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Bookfair herstory

Hanik Blackman recounts the origins and history of the London Anarchist Bookfair

The first London Anarchist Bookfair was held on 12 December 1981 in the (anarchist) Autonomy Centre in Wapping, East London. It skipped a year and has been held every year since 1983. In 1985, there were two.

The bookfair is currently the biggest and longest-running anarchist bookfair in the UK and has inspired many other bookfairs around the world.

The bookfair website states: ‘anarchy is pretty simple when you get down to it: human beings are at their very best when they are living free of authority, deciding things among themselves, rather than being ordered about. That’s what the word means – without government.’

Origin story

The London Anarchist Bookfair started with half a dozen stalls, no meetings and, according to its own website, ‘hardly anyone turned up’. This year, the 37th bookfair had dozens of stalls, 55 meetings and over 2,000 participants.

The idea for the bookfair came from anarchist groups who had had stalls at the now-deceased Socialist Bookfair. A Distribution, Freedom Press and Housmans Bookshop had found the Socialist Bookfair (organised by the Socialist Workers’ Party) too expensive and boring. So, together with others, they decided to organise their own event.

The support of the anarcho-pacifist punk band Crass was important in the early years.

After 16 years, the bookfair outgrew Conway Hall in central London. Since 2001, it has been at many venues including the Camden Centre in central London; Queen Mary University, east London; and, most recently, Park View School in Haringey, in north-east London.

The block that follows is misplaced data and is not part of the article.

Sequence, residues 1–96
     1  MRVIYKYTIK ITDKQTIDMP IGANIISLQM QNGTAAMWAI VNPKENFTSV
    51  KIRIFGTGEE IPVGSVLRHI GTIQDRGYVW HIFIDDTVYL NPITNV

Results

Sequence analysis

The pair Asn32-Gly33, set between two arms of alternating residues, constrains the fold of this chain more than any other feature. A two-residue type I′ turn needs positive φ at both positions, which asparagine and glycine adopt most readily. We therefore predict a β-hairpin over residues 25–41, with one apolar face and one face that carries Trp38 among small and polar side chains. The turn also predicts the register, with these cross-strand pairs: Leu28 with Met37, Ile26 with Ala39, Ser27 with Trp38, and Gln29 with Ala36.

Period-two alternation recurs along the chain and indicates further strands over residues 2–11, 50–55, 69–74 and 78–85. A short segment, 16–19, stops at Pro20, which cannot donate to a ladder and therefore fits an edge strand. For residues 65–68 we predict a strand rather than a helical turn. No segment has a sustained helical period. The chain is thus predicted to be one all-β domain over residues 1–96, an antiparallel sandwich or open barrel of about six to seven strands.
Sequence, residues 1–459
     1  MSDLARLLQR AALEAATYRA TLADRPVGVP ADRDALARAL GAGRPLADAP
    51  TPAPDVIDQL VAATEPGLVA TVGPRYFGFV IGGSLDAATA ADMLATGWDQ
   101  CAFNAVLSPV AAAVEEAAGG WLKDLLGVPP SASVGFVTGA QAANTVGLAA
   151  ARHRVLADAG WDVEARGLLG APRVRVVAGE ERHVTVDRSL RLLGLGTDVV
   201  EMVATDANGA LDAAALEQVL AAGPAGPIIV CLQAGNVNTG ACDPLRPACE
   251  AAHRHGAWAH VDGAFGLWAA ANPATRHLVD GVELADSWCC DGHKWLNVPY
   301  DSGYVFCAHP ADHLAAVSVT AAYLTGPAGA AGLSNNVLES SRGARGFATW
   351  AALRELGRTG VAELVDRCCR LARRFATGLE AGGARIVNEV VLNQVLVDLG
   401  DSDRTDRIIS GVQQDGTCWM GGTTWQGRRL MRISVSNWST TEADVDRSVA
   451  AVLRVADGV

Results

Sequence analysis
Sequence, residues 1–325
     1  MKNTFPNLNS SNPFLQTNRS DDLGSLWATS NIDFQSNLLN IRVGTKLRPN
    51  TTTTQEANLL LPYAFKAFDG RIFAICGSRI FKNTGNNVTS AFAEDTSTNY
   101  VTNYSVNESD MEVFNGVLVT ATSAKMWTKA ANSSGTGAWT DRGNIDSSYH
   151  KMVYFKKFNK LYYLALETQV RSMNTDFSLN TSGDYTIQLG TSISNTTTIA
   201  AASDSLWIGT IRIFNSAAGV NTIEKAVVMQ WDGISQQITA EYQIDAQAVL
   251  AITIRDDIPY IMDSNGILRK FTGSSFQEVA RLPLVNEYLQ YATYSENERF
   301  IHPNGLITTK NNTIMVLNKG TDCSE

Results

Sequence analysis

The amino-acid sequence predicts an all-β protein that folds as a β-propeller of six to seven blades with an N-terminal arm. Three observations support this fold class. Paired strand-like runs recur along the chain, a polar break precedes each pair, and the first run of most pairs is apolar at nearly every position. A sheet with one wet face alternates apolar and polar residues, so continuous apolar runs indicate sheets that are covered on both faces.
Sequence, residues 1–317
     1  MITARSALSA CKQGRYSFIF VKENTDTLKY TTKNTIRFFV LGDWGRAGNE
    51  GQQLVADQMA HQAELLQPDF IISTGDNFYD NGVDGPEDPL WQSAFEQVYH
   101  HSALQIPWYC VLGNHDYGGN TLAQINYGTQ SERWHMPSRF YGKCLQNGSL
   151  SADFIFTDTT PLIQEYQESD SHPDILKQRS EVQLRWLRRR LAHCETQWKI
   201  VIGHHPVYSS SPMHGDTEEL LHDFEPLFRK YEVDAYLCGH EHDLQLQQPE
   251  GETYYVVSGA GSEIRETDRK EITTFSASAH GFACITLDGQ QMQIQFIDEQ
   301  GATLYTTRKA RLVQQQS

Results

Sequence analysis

There are speakers and meetings on nearly every topic an anarchist might wish for. This year, meetings covered ‘The Lucas Plan’, ‘Was My Friend a Spycop?’, ‘Free Everything’, ‘The Russian Revolution from Below’, ‘Class & Campaigning’, ‘Brandalism’, and more.

Peace News held two workshops: ‘Nonviolent Revolution’ and ‘Not Just Kronstadt’.

During the Bookfair there are various stalls selling books by radical and anarchist publishers, for example AK Press and Housmans. Other stalls promote organisations, campaigns and causes such as Peace News. There are films, music, and stand up comics throughout the day, along with the crèche and the older kids’ space.

There have been problems in other years. After the 2005 bookfair, a small dispute escalated in a venue outside the building, leading to a large police presence and the cordoning-off of Holloway Road. According to Indymedia UK, seven arrests were made.

Editorial note: In five articles ([1], [2], [3], [4], [5]), Peace News is documenting the free speech conflict at this year’s (2017) London Anarchist Bookfair. The origins of the Anarchist Bookfair are briefly recounted above, and the issues concerning free speech are the subject of this issue's editorial here.